The University of Arizona

Improved AMS 14C Dating of Shell Carbonates Using High-Precision X-Ray Diffraction and a Novel Density Separation Protocol (CarDS)

K Douka, R M Hedges, T G Higham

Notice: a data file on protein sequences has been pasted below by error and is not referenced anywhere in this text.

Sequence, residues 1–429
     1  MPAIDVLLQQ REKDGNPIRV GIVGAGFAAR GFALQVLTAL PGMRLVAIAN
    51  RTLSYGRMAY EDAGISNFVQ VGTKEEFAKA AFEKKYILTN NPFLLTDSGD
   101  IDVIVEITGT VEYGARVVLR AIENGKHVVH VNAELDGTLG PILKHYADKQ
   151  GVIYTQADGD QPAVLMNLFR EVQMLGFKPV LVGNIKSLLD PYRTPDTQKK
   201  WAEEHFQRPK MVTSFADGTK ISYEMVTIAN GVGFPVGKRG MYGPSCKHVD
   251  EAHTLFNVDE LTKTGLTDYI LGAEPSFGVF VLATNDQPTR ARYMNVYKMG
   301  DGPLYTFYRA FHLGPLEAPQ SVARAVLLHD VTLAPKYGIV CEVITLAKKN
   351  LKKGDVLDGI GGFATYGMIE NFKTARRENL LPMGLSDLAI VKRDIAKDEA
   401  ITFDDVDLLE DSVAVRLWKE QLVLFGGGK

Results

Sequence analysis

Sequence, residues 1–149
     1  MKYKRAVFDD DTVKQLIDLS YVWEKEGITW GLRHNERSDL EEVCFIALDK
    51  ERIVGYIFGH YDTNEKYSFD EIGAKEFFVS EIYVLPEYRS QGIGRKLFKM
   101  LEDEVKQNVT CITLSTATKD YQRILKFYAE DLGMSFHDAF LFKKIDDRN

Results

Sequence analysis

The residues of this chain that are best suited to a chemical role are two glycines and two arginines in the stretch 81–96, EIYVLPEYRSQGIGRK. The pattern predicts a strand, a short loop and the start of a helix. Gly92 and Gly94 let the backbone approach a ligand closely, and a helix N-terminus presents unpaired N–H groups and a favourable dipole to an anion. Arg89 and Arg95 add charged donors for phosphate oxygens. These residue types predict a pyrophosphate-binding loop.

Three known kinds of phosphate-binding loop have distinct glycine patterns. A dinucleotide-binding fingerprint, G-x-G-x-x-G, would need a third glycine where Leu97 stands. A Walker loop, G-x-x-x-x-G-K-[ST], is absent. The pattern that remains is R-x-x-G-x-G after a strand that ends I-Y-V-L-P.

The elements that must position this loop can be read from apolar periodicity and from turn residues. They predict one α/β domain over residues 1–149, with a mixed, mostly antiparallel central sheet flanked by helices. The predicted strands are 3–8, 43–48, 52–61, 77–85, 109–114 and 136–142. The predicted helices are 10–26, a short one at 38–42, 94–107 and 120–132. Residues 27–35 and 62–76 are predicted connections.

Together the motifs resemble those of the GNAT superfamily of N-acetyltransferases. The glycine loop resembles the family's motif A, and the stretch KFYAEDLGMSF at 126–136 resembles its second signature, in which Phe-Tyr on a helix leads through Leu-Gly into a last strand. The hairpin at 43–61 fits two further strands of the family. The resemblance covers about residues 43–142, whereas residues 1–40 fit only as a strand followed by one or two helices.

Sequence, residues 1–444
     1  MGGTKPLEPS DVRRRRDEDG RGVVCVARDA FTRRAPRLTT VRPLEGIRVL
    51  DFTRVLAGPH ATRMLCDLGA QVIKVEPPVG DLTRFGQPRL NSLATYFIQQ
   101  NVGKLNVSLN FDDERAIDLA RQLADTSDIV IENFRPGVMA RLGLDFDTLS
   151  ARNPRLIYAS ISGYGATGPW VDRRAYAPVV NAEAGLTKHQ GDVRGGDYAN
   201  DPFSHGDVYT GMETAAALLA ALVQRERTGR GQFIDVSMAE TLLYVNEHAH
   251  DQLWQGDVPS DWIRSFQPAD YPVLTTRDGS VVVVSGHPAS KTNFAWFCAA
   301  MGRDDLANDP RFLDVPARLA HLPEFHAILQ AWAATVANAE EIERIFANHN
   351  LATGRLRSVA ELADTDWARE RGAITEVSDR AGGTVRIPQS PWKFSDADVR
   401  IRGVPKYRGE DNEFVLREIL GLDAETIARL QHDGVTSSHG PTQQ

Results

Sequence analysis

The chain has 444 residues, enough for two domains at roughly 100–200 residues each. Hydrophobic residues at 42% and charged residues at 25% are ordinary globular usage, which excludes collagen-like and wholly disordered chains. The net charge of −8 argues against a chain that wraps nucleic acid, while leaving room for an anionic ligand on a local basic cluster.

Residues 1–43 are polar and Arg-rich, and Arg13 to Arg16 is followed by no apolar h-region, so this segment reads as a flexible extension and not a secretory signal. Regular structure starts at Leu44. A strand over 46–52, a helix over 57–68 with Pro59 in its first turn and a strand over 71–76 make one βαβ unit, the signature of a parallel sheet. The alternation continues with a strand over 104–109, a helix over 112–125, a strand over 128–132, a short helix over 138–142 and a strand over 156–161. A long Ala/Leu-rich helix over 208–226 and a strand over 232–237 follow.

One critical variable in the successful application of radiocarbon dating is the effective removal of carbonaceous contaminants. In the case of marine carbonates, contamination appears usually in the form of secondary low-magnesium calcite, the stable polymorph of calcium carbonate and byproduct of the post-mortem recrystallization or replacement of the autochthonous phase, originally in the form of high-magnesium calcite or aragonite. Depending on the nature of the depositional environment, the secondary phase may be contemporary in age with the original shell carbonate and may have even been derived from it by dissolution-recrystallization processes, or can be an exogenous contaminant of younger or older age. The limited ability of current pretreatment protocols to detect and remove the secondary mineralogical phases prior to dating carbonates has been one of the reasons marine shell and coral 14C determinations are often difficult to validate in terms of their reliability. We have developed a new pretreatment protocol designed to achieve greater reliability and accuracy in the dating of this material. The method entails 2 steps. The first one involves the improved detection and quantification of secondary calcite in aragonite using X-ray diffraction, at a precision of ~0.1% and ~0.8%, respectively. Next, where this is required, a novel density separation step using non-toxic heavy liquids (CarDS) is applied to the diagenetic sample. This enables the clear separation of calcite and aragonite, with only the latter kept for dating. We have applied the new steps, screening and separation, on standard and archaeological examples and our initial results suggest that it is successful and reproducible. In this paper, we describe the method and initial results.

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